Propagandist Literature [May, 1888]

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1888

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(1854 - 1944) : Charlotte M. Wilson was an English Fabian and anarchist who co-founded Freedom newspaper in 1886 with Peter Kropotkin, and edited, published, and largely financed it during its first decade. She remained editor of Freedom until 1895.
Born Charlotte Mary Martin, she was the daughter of a well-to-do physician, Robert Spencer Martin. She was educated at Newnham College at Cambridge University. She married Arthur Wilson, a stockbroker, and the couple moved to London. Charlotte Wilson joined the Fabian Society in 1884 and soon joined its Executive Committee. At the same time she founded an informal political study group for 'advanced' thinkers, known as the Hampstead Historic Club (also known as the Karl Marx Society or The Proudhon Society[2]). This met in her former early 17th century farmhouse, called Wyldes, on the edge of Hampstead Heath.[3] No records of the club survive but there are references to it in the memoirs of several of those who attended. In her history ... (From : Wikipedia.org.)

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Propagandist Literature [May, 1888]

PROPAGANDIST LITERATURE

     'Chants of Labor: a Song Book of the People, with Music," edited by Edward Carpenter, with a title-page drawn by Walter Crane, published by Swan Sonnenschien and Co., is a most useful addition to Socialist literature. There is a growing sense among energetic propagandists that the Cause suffers seriously from lack of the emotional element, of some efficient means of appeal to the feelings of the people. Several attempts have lately been made to introduce singing at Socialist meetings ; but one great obstacle has always been the want of a suitable song-book. Comrade Carpenter, therefore, has rendered signal service by devoting his knowledge, taste, and poetic feeling to the collection of socialist anti revolutionary verses and stirring or pathetic popular airs. Many fine old tunes have long been wedded to some ancient form of words, which nowadays has lost all gist and meaning. Several beautiful new lyrics and many rougher verses containing genuine poetic fervor have hitherto found no worthy or appropriate musical setting. Comrade Carpenter has set himself to supply both deficiencies, and with commendable success. " The book," as he writes in his preface, " is in no sense a merely ' literary ' production-but emanates rather from the heart of the people." We warmly echo its editor's wish, " May it help to give voice to those who have so long been dumb! "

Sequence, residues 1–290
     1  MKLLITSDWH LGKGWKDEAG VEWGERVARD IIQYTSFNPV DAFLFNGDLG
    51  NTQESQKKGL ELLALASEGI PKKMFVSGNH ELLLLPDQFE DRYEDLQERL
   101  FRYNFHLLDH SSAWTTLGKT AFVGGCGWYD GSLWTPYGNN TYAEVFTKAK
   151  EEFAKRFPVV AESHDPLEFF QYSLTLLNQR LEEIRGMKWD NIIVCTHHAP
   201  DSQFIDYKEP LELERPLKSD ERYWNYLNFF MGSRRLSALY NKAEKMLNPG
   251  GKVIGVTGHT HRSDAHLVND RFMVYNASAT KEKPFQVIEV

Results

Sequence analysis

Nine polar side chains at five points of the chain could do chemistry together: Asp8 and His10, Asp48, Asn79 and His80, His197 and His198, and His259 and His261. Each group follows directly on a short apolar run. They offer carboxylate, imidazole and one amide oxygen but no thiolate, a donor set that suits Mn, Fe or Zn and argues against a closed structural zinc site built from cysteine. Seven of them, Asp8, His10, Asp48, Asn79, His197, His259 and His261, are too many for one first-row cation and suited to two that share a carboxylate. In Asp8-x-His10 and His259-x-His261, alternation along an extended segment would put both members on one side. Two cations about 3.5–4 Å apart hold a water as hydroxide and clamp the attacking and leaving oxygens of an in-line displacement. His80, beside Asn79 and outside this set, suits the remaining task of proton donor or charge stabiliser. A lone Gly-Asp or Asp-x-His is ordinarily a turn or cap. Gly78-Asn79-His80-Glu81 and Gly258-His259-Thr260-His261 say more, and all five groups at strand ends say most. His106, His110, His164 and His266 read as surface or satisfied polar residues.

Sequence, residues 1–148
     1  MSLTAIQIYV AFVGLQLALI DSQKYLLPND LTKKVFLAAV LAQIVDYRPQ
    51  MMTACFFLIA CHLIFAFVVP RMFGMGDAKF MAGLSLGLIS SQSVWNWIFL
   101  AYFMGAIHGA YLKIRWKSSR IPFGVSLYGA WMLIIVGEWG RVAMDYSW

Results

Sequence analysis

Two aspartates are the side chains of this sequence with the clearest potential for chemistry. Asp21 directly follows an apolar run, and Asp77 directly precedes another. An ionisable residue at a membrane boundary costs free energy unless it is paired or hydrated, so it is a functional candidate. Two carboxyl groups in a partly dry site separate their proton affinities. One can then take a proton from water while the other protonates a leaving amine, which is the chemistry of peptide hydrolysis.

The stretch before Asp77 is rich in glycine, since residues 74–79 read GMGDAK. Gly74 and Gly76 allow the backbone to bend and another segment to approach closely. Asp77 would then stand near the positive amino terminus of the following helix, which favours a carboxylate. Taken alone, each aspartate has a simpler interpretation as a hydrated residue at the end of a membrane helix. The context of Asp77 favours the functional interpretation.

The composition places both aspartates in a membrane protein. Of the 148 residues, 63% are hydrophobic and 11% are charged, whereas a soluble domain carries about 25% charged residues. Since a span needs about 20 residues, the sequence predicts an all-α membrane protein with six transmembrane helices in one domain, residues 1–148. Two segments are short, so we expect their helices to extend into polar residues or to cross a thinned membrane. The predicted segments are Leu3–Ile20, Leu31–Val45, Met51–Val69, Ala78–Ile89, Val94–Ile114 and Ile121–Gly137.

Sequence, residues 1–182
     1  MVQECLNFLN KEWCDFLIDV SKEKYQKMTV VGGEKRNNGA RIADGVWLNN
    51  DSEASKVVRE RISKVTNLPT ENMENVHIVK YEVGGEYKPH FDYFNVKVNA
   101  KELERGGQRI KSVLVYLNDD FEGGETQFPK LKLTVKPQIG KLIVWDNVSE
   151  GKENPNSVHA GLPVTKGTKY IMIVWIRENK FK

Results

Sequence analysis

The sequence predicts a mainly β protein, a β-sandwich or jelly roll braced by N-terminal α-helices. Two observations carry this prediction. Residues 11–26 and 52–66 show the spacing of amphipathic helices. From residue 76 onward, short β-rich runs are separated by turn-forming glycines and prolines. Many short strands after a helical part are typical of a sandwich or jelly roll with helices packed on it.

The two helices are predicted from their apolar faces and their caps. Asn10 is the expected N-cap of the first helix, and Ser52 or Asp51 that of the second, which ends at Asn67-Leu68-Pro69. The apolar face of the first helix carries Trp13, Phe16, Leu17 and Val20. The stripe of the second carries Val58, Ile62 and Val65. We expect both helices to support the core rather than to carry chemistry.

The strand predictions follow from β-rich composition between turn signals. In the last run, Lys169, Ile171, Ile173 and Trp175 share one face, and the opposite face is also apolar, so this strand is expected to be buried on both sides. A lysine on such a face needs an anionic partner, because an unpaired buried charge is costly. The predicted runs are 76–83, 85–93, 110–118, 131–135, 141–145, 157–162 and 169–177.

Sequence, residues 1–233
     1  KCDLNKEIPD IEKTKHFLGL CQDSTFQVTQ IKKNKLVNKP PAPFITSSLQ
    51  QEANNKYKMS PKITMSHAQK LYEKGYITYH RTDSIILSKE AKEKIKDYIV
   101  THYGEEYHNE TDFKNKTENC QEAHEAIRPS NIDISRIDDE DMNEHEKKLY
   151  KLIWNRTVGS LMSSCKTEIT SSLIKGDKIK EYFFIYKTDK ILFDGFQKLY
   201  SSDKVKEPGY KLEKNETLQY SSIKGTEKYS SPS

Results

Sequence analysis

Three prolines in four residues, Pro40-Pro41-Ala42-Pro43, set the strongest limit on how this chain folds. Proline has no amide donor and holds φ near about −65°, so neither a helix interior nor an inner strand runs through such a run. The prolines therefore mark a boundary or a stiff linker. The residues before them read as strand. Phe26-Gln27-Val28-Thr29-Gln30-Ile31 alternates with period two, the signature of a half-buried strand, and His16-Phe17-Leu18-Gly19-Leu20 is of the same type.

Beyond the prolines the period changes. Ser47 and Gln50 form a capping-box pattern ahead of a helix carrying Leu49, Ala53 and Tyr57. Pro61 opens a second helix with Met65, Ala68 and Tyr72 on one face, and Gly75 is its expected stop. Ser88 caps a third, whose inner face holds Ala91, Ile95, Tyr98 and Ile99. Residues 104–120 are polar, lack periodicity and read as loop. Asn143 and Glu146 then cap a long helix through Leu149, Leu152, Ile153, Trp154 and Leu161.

The Paris Communist.-Anarchists have lately undertaken a propagandist campaign among tile peasants of the country districts. The), have just issued ail earnest appeal ' From the Workers of the Towns to the Workers of the Country , (Les Travailleurs des Villes aux Travailleurs des Campagnes), pointing in the simplest terms to social revolution as the one means of deliverance alike for the half starved peasant proprietor, weighed down by mortgages and debts, and the propertyless artisan or factory hand, each being equally a victim of capitalist monopoly.

     Comrade J. Sketchley, 8, Arthur Place, Birmingham, sends us two useful tracts written and published by himself. Prim 3d. each. 'The Workman's Question' and 'The Irish Question' (2nd edition). Both supply many telling facts and figures illustrating the robbery and oppression of the workers by the ruling classes of landlords and capitalists in England and Ireland.

     'The Chicago Martyrs: their Speeches in Court, with a Preface and ail Extract from the Record prepared for the Supreme Court of Illinois." (International Socialist Societies of London. Price 6d. Apply for copies to H. Reuter, 101, Albert Street, Camden Town, N.W.) The preface gives a brief and clear account of the circumstances connected with the famous Chicago trial. The extracts from official documents relating to tire judicial proceedings are well selected to illustrate the prejudices of the jury, the perjury of the police and suborned witnesses, and the gross injustice of tile verdict. The speeches of our murdered and imprisoned comrades are an admirable exposition of the economic and political beliefs of revolutionary Communist Anarchists.